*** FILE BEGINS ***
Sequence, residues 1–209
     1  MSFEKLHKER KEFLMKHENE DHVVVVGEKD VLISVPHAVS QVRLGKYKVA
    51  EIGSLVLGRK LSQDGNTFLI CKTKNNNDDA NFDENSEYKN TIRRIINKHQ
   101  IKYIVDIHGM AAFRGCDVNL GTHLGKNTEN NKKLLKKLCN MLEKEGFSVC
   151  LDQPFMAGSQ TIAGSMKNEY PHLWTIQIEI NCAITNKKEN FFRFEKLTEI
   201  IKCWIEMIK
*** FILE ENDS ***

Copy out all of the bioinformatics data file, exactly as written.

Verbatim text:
Sequence, residues 1–209
     1  MSFEKLHKER KEFLMKHENE DHVVVVGEKD VLISVPHAVS QVRLGKYKVA
    51  EIGSLVLGRK LSQDGNTFLI CKTKNNNDDA NFDENSEYKN TIRRIINKHQ
   101  IKYIVDIHGM AAFRGCDVNL GTHLGKNTEN NKKLLKKLCN MLEKEGFSVC
   151  LDQPFMAGSQ TIAGSMKNEY PHLWTIQIEI NCAITNKKEN FFRFEKLTEI
   201  IKCWIEMIK